Never settling for mediocrity
Juanita Murray-Henry
Juanita Murray-Henry

Local teacher follows the sage advice of her mother

IT didn’t matter to young Juanita Murray-Henry that she was poor and hadn’t any financial support to pursue a better life for herself. Nothing could’ve convinced her that an educated life was out of her reach. So, even when she had to leave Onderneeming on the Essequibo Coast to work as a domestic on the Corentyne, she knew that this would just be for a time.

Growing up in a single-parent home, things were rough. Her mom had all of the family responsibilities to shoulder, and Juanita, now 55, and her four siblings would have to wake up early in the mornings to help sell the bread that Mrs Murray baked.

Eighteen-year-old Juanita fell in nicely with the Corentyne family she worked for. However, with the desire to elevate herself still burning within, she told them that she had to leave after about two years of work so that she could perhaps begin pursuing some classes.

“I was 18 when I started domestic work. I had no other choice. I knew to myself I had the brains, but I hadn’t the opportunity. I hadn’t the financial support, so I just had to do what I had to do,” she told Pepperpot Magazine a few days ago.

Moving in with an aunt on the East Coast, at Beterverwagting (BV), Juanita again picked up some domestic work in Bel Air, but this time things were going to be different; she would be able to do some evening classes.

The woman with whom she worked, a Mrs George, was very helpful and encouraging to Juanita. She even helped her to find suitable evening classes. To begin with, Juanita thought that she’d pursue courses in Maths and English. And even though feeling a bit awkward going back to school a bit older than usual, the thing that motivated her most was her performance– how well she was doing in the courses.

Juanita, with her two subjects in hand, then began what was known as the ‘foundation classes’ at the Cyril Potter College of Education (CPCE) and also did well with these before moving on to the regular training programme that went on for two years at that time. Kicking off her teaching profession in October 1990, she started as an acting teacher at Quamina Primary in BV. Until she retired lately, she served at Peter’s Hall Primary on the East Bank of Demerara. Also, she spent some of her years at Paradise Primary, Graham’s Hall Primary and Clonbrook Primary.

She couldn’t tell if being a teacher was what she had always wanted, but she remembers her childhood days when she’d ‘play teacher’ with some mango leaves and would discipline each of them that couldn’t answer her questions. So perhaps, she now feels, her life was moving her toward becoming a teacher from way back when.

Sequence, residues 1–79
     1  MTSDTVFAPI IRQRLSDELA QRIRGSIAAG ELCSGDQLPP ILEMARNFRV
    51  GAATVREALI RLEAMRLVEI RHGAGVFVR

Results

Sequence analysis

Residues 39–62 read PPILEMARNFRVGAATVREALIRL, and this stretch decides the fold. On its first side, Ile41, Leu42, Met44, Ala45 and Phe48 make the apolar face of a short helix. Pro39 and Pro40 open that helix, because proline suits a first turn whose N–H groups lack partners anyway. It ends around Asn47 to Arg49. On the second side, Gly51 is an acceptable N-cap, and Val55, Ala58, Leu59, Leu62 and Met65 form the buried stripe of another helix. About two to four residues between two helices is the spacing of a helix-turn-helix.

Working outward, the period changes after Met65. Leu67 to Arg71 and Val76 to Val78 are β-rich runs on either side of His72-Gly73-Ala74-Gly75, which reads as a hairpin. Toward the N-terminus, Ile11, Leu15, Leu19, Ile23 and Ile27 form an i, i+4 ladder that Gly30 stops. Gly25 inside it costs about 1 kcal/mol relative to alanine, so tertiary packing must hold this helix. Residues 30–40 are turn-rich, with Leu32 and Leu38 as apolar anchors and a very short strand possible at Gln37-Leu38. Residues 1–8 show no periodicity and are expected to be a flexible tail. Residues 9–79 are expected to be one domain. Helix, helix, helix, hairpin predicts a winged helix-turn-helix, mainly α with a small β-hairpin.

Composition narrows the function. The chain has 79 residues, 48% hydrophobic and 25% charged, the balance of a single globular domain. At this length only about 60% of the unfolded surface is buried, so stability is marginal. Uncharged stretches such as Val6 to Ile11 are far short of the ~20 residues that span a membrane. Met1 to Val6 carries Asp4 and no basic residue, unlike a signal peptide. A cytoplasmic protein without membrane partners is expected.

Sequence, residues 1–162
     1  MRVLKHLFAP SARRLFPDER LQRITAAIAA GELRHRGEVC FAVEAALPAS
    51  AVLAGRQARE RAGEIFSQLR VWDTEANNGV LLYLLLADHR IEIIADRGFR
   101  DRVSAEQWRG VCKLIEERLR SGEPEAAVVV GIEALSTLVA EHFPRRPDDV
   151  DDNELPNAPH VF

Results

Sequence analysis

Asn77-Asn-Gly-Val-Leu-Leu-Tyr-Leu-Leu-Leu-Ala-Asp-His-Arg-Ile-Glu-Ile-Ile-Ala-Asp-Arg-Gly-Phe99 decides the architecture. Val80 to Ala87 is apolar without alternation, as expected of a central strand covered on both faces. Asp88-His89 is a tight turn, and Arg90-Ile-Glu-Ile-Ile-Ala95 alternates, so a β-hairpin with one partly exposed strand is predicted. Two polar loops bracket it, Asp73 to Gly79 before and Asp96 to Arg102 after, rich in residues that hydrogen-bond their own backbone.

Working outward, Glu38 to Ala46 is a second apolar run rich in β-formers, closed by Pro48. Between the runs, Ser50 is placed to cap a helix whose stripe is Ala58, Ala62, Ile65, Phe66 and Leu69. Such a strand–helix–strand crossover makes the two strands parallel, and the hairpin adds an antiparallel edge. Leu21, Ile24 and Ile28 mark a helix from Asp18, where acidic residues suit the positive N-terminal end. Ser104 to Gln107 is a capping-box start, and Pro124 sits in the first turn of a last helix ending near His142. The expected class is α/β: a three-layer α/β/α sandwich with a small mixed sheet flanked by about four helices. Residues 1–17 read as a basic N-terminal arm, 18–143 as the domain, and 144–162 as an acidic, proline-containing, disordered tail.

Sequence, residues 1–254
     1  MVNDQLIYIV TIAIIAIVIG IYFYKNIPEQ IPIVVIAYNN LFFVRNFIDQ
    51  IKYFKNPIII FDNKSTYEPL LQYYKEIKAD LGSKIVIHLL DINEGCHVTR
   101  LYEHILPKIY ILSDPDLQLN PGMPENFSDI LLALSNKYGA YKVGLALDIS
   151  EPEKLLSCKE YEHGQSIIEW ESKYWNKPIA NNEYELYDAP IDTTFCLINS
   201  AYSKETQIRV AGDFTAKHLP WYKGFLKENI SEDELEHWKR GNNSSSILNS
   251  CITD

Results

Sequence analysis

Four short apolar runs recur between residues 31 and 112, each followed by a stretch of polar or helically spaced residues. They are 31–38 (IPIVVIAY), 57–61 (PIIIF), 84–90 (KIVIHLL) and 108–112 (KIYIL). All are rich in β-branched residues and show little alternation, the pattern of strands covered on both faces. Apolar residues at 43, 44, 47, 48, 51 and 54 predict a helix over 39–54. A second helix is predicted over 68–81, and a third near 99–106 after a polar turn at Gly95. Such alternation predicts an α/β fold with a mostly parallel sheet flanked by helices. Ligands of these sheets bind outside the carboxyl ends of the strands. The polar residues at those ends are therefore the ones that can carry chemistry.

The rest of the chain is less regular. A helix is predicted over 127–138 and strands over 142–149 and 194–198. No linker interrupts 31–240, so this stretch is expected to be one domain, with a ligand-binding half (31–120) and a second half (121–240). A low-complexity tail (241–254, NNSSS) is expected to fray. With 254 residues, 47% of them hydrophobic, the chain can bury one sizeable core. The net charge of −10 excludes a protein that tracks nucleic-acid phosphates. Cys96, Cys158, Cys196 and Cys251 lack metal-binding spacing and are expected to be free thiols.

Still unsatisfied with her additional training at CPCE, Juanita pressed on to the University of Guyana where she would spend the next four years of her life. Returning to the teaching profession afterwards, she continued until she retired recently, securing some 33 years in the profession!

Looking back over the course of her life so far, Juanita, a Grade Six teacher for the most part, couldn’t be prouder of herself and the diligent effort she made to improve her lot in life. “I’m extremely proud of myself because my upbringing, my economic status…hadn’t I have a mother who was extremely strict and god-fearing, I could have been on another track; I could have been doing things differently. Despite our poverty, my mother (Olive Murray, now 81) never allowed us to settle for mediocrity. She was always pushing us.”

Having retired, Juanita is taking a well-deserved break, but she doesn’t plan to give up the profession entirely. She wants to be able to spend some time helping children learn to read. “What I have in mind is to do a little reading class at home to assist those weak children, and even make some contributions to my school.”

Helping the weaker ones has always been a top priority for her. “The highlight of my teaching is being able to see a child move from nothing to something. When you can move a child who is very weak — that’s a teacher! Any teacher can teach a brilliant child, but when you can see the weak ones move….that’s one of my greatest joys as a teacher.”

Something that she never fails to impress on her teachers is that it’s necessary for them to love the children they teach as if they were their own. “I say this all this time. Treat each child that sits before you as your own child. Everything that you do to a child, ask yourself if you would want a teacher to do that to your child. If you treat each child as your own, you are going to give that child your best; you want the best for your child, so give it to somebody else’s child,” she advised.


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